Theology 5

Without Being Left Behind
by Derek Lee Parker

Readings: From Esther 4:13-14

At the Universalist Church of Eldorado, Ohio, where I served for three years as their pastor, there is a seldom noticed stained glass window behind the choir seats. If you’ve ever visited our church in Eldorado (and many of you were there for last year’s Convocation), you probably paid attention to other windows in the church. Perhaps the window depicting the all seeing eye of God? Or maybe the Parable of the Sower window? The choir window had no spectacular pictures. It only has names written on a pane of green grass. Our choir director proudly pointed them out to me. She said, “You need to notice these. They are our ancestors. They sacrificed to found this church back in 1849. You need to know where we’ve come from.”

It is good to know where we’ve come from. Much of the Unitarian Universalist Association has forgotten where we’ve come. They think we are a brand new religion, perhaps invented in Berkeley, California, in 1969. At Eldorado many of our younger visitors from other UU churches thought we had bought our chapel from the Methodists, perhaps in the 1970s. Little do many of our newcomers know, but we are heirs to a time-tested, centuries olf heritage of open-minded and inclusive spirituality. So it is good to know where we Universalists have come from, we are not a mere invention of the 60s but a living stream of spirit. But knowing the past is not enough if we are to be a living church.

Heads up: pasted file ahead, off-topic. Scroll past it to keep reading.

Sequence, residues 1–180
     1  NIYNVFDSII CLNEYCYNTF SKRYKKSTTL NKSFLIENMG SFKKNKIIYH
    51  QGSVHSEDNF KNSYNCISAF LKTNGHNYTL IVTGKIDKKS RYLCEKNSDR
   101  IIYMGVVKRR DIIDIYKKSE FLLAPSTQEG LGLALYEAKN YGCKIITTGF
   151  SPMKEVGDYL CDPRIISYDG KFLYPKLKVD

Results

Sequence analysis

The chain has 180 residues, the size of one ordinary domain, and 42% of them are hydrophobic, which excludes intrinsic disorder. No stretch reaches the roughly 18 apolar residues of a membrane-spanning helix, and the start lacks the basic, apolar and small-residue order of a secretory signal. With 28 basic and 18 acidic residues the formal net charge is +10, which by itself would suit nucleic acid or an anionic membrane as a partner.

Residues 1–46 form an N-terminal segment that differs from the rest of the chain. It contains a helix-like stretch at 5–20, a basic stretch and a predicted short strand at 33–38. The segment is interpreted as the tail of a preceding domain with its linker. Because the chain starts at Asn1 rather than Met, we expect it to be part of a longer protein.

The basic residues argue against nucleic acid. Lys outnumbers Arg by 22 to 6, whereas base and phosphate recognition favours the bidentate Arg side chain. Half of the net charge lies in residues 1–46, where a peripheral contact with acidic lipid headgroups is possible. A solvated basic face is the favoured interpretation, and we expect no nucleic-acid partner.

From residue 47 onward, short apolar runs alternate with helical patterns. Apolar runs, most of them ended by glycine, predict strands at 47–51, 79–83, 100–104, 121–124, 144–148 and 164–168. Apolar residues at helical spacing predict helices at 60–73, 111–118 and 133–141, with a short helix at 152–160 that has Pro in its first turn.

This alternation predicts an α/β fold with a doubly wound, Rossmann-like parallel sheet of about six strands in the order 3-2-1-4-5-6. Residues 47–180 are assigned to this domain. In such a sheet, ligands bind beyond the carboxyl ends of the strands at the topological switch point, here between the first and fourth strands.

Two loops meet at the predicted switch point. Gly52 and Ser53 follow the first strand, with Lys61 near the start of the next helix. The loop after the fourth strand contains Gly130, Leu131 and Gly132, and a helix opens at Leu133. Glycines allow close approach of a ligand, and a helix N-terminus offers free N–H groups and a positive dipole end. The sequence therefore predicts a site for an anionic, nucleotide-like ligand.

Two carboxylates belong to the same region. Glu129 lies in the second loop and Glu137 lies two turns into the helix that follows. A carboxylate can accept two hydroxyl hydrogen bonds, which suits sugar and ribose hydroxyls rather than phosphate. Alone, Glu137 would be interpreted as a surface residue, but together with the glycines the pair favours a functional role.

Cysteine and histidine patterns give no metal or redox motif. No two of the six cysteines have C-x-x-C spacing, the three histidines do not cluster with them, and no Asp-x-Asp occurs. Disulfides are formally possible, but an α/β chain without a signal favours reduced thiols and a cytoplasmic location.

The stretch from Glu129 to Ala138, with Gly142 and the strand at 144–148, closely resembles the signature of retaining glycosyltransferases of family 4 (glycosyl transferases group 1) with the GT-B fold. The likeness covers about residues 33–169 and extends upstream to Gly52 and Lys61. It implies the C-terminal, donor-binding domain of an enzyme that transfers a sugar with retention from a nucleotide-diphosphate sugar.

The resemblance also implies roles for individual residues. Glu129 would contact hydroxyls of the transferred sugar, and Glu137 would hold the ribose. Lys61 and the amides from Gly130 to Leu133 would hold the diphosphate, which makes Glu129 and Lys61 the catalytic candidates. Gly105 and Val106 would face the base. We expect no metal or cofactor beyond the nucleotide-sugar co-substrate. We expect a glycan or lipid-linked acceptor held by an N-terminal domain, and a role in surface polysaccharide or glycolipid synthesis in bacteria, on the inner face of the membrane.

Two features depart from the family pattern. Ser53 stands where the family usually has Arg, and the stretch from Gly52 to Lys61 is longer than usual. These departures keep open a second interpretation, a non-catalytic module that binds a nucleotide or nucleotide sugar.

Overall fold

All too often our Universalist faith is treated by both others and ourselves as an artifact of the past. Our faith becomes a quaint elderly aunt whom we love, but who lives in the shadow of her eloquent and lordly husband – perhaps some have called Universalism by the name Mrs. Unitarian. In other words, ignoring her name and treating her as a mere extension of her partner.